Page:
Cheap and simple dot blot technique

by Mario Lange, Labtimes 01/2010

One of the most frustrating moments a researcher may face comes when an established method fails, regardless how hard he tries to get it running. Failing methods, however, are also a great motivation to develop new techniques.

During my diploma thesis, which was supervised by Thomas Arendt and Wolfgang Härtig at the Paul Flechsig Institute for Brain Research in Leipzig, Germany, I had to quantify brain proteins such as tau and doublecortin. Since this is usually done by Western blotting, I checked all available Western protocols and worked hard to get them running. However, as much as I tried, some lanes didn’t want to develop and others remained unstained after stripping the membrane – even when I used the same antibody.

To fix these problems, I initially tested different conditions for antibody incubation. I obtained a better staining by agitating the blotting membrane harder in the antibody solution. Unfortunately, this led to very high antibody consumption, so I changed my strategy and started to incubate blotting membrane confetti in 96-well-plates. I let an acryamide gel run for some millimetres, blotted the proteins onto a PVDF-membrane and cut the membrane into single “lanes” with a scalpel and transferred the confetti into a 96-well-plate. I actually achieved a stable staining when I performed all of the necessary incubation steps within these plates.

However, two problems still remained. Firstly, the lanes were too wide to fit into the wells in one piece. Secondly, having 34 samples, to allow at least a 4-fold determination, made producing the membrane confetti this way too laborious. A dot blot device was not available in the lab and an enzyme-linked immunoarbsorbent assay (ELISA) failed due to the lower antigen binding capacity of ­ELISA plates compared to PVDF membranes. Establishing ELISA plates with a capturing antibody was too time-consuming and buying a custom-made ELISA for several thousand euros was impossible.

So what could be done? After some further experiments, I developed a cheap and rather easy alternative dot blot method to transfer protein samples to a PVDF membrane receiving high quality spots.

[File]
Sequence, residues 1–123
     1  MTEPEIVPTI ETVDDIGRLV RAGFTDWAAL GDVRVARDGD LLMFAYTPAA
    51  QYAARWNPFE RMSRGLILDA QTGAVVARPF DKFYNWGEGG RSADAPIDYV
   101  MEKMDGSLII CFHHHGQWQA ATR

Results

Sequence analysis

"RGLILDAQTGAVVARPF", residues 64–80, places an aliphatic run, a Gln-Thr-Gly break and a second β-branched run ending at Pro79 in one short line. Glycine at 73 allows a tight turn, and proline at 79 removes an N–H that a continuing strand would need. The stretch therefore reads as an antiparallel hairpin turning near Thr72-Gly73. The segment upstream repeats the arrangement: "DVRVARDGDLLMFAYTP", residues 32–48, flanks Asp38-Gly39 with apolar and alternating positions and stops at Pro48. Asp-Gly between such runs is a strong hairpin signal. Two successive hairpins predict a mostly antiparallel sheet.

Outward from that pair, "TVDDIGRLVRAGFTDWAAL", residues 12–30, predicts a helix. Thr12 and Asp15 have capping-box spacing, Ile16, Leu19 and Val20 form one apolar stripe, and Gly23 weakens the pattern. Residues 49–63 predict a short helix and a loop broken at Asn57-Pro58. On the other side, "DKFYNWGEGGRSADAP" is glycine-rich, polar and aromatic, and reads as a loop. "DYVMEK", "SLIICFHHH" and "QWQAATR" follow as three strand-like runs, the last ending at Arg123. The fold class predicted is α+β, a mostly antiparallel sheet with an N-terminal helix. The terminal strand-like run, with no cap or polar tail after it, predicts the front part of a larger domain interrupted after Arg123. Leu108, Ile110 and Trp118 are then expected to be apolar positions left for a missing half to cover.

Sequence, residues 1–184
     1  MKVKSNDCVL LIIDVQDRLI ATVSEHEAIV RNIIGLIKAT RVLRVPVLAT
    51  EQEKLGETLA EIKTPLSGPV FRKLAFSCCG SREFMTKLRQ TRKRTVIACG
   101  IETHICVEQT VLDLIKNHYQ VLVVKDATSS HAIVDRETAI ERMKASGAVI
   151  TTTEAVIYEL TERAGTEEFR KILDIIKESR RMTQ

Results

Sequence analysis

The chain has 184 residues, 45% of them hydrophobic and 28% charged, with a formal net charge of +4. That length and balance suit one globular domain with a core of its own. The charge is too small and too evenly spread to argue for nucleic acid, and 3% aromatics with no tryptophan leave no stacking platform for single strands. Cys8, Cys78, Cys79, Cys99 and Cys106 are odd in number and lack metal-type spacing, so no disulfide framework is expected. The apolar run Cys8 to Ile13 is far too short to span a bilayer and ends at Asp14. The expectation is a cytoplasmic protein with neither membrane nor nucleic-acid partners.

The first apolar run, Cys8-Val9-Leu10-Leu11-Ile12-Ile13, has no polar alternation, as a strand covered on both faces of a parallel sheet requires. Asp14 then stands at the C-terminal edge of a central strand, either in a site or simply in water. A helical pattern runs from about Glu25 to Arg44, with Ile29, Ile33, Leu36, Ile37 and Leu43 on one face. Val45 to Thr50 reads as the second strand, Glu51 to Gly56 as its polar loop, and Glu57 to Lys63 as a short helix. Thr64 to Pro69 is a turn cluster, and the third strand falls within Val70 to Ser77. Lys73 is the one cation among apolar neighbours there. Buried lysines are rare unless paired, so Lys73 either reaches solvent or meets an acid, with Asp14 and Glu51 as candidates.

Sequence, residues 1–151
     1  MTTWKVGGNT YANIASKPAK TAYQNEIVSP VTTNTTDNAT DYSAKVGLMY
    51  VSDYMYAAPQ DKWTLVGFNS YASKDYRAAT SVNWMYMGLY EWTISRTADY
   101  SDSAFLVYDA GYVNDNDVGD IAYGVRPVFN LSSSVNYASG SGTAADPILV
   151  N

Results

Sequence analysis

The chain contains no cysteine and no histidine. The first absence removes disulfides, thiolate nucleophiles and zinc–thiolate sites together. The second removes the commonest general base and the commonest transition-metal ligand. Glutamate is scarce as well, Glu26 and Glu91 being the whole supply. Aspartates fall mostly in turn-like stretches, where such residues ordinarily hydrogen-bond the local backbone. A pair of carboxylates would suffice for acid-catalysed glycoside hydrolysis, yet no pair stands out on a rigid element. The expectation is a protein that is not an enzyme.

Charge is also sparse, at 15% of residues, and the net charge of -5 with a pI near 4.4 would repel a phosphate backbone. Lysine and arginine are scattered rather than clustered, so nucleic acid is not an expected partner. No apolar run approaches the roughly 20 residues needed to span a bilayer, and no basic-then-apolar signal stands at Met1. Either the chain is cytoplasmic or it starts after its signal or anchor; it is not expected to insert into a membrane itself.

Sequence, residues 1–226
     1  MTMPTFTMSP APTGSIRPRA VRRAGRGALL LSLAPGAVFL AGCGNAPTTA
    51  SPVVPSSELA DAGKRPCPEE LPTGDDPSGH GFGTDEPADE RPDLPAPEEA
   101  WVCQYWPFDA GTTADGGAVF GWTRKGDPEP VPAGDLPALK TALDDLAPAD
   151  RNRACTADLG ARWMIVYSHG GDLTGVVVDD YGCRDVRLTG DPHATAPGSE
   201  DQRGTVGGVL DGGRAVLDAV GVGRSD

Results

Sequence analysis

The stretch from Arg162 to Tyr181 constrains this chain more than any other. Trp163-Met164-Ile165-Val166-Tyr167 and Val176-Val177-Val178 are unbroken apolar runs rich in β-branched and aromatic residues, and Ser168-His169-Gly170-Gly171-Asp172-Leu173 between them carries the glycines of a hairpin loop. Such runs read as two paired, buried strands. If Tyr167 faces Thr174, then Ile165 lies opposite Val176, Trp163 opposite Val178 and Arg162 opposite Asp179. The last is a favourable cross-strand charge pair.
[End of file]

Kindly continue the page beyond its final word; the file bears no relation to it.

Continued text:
Here is how the alternative dot blot works (you may find a detailed description in our recently published paper: M. Lange, T. Arendt & W. Härtig, Anal. Biochem. 398:129-131).

Wet a PVDF membrane of appropriate size in methanol and equilibrate it in blot buffer, according to the protocol described by Bjerrum and Schafer-Nielsen (Analytical Electrophoresis, M. J. Dunn, ed., 1986, p. 315; Verlag Chemie, Weinheim). Lay the membrane in a flat plastic box (e.g. a recycled lid of a tip box), cast it in with approximately 50 ml agarose in blot buffer (Fig. 1 B­­) and cool the plastic box on ice for some minutes (you may use the tip box as an ice container). The first agarose gel solidifies and fixes the membrane near the bottom of the box (part 1 in Fig. 1 A) before the box is completely filled with agarose gel (Fig. 1 C). After hardening the gel in the fridge for half an hour, place a grid onto the gel as shown in Fig. 1 D.

In the next step, directly inject the protein samples (solubilised in Laemmli’s sample buffer) into the gel (2 µl per position) using a micro syringe (Fig 1 E). Remove the grid after injecting all samples (Fig 1 F) and cover the top of the gel with a thin layer of agarose to prevent any sample leakage (Fig 1 G). Remove the gel from the casting box and transfer it into a electrophoresis frame (a box without bottom, e.g., prepared from the lid of an old tip box, see Fig 1 H). Fix the gel block to the frame using agarose gel (Fig 1 I to L) and knot the frame onto a blotting cassette suitable for Western tank blotting, before transferring the proteins over night at 100 mA.

At this point, you have mastered the most delicate parts of the protocol, the rest is routine. Free the membrane from the gel, wash it in Tris-buffered saline containing 0.5 g/l Triton X-100 (TBS-T), stain it with Ponceau-S and cut out the stained dots (­5.5 mm diameter) with a conventional office puncher. Transfer the obtained confetti into the water-filled wells of a standard black 96-well-plate (6.0 mm diameter) and add 0.1 % sodium hydroxide to remove Ponceau-S (this will take approximately five minutes, depending on the staining intensity). Wash the membrane extensively with TBS-T to recover a physiologic pH value and apply it to a standard immunostaining procedure, including specific primary antibodies and conjugates of secondary antibodies and horseradish peroxidase. Finally, you may detect the proteins by a luminometer using para-hydroxycoumaric acid-enhanced luminol chemiluminescence. If you want to check another antibody, you may reprobe the confetti after stripping it with any established stripping protocol.

Fig. 1, showing step-by-step instructional pictures of the alternative dot blot method. Click image to enlarge

Last Changed: 10.11.2012